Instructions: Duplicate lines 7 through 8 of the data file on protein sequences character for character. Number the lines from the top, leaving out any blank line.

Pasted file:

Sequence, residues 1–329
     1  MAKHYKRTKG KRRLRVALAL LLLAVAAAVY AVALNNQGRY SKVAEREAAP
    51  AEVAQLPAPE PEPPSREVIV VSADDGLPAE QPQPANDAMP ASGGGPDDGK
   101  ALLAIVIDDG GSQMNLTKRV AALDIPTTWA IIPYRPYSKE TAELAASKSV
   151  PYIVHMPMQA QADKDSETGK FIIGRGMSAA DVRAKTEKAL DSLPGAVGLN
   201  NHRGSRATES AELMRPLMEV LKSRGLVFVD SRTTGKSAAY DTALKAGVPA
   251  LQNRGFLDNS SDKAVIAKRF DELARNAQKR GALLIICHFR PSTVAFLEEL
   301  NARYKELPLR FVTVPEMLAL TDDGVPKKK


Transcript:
   251  LQNRGFLDNS SDKAVIAKRF DELARNAQKR GALLIICHFR PSTVAFLEEL
   301  NARYKELPLR FVTVPEMLAL TDDGVPKKK